"There is no ambivalence; there is no doubt in anyone's mind that the violence must stop and that the government of Libya has a responsibility to respect the universal rights of all of its citizens and to support the exercise of those rights," Clinton told reporters at a joint press availability with Latvian Foreign Minister, Girts Valdis Kristovskis at the Foggy Bottom headquarters of the State Department.
Noting that the US is watching developments in Libya with grave concern, she said America has joined with the international community in strongly condemning the violence in Libya.
"We believe that the government of Libya bears responsibility for what is occurring and must take actions to end the violence," she said.
Clinton expressed concern over the safety and well-being of Americans in Libya right now.
"We are in touch with many Libyan officials directly and indirectly and with other governments in the region to try to influence what is going on inside Libya," she said.
"As we gain a greater understanding of what actually is happening -- because the communication has been very effectively shut down and we''re trying to gather as much information as possible -- we will take appropriate steps in line with our policies, our values and our laws.
But we're going to have to work in concert with the international community," Clinton said in response to a question.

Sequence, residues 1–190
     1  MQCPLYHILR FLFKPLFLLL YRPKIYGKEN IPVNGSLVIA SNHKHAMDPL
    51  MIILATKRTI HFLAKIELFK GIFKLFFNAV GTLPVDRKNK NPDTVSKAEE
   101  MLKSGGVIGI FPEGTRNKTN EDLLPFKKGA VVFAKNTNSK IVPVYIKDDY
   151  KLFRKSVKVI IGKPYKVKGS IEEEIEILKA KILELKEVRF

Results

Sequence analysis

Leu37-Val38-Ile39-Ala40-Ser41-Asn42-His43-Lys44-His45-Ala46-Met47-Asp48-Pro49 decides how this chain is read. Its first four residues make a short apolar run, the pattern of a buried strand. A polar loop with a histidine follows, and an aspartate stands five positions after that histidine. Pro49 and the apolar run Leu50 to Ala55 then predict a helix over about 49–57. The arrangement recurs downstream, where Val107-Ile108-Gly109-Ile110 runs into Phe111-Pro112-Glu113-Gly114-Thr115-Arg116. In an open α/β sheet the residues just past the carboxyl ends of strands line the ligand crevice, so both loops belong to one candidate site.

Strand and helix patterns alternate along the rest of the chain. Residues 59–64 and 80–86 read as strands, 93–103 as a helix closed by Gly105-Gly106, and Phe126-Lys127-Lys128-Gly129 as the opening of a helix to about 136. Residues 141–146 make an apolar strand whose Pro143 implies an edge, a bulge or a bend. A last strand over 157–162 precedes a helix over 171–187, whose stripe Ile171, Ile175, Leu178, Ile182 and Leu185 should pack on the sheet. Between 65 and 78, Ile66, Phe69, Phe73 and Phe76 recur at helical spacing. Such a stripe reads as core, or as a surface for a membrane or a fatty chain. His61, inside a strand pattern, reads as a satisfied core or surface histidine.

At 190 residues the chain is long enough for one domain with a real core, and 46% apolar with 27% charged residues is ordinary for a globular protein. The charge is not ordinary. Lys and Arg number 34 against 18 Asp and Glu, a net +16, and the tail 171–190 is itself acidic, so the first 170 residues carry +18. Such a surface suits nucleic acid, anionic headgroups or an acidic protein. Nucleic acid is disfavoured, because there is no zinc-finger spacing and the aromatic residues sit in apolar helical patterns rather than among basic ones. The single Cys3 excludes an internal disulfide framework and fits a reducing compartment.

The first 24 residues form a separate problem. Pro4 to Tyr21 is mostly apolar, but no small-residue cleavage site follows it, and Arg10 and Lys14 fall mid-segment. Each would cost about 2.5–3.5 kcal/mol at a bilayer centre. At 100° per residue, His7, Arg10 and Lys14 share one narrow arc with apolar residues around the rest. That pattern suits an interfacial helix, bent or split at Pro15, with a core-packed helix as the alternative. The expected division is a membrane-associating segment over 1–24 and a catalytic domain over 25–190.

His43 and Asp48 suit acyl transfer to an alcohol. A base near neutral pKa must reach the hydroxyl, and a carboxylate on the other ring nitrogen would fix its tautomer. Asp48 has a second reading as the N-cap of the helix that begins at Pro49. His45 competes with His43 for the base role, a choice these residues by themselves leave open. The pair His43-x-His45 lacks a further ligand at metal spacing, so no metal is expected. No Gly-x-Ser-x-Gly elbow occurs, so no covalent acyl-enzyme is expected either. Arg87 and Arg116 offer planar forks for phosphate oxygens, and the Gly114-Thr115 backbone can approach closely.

The State Department on Monday had ordered US embassy family members and nonemergency personnel to depart Libya, and they will depart over the next few days.
"The safety of all American citizens in Libya remains our paramount concern. At our embassy we have approximately, you know, 35 employees and their families who are affected by this ordered departure," State Department spokesman P J Crowley said.
US is having a number of conversations with the Libyan authorities over the weekend and Clinton herself was engaged with many regional and European leaders.
The Assistant Secretary of State Jeff Feltman had multiple conversations over the weekend with Libyan officials, including its Foreign Minister Mussa Kussa.
The US has been in touch with other leaders in the region, and there is a united view here.
"We view the situation in Libya with grave concern," Crowley said.
At the same time, Crowley asserted that it is for the people of Libya to decide on the nature of their governance.
"Just as we have said quite carefully in each of these cases, it''s not for the US, you know, to choose the leader of Libya or the leader of any other country. It is for the people of Libya who are standing up and protesting the policies and actions of their government," he said.
"Certainly we can see that there is a contrast between the decisions made by Egyptian security forces in response to these protests, and the contrast is very stark between the responsibilities in government," Crowley said.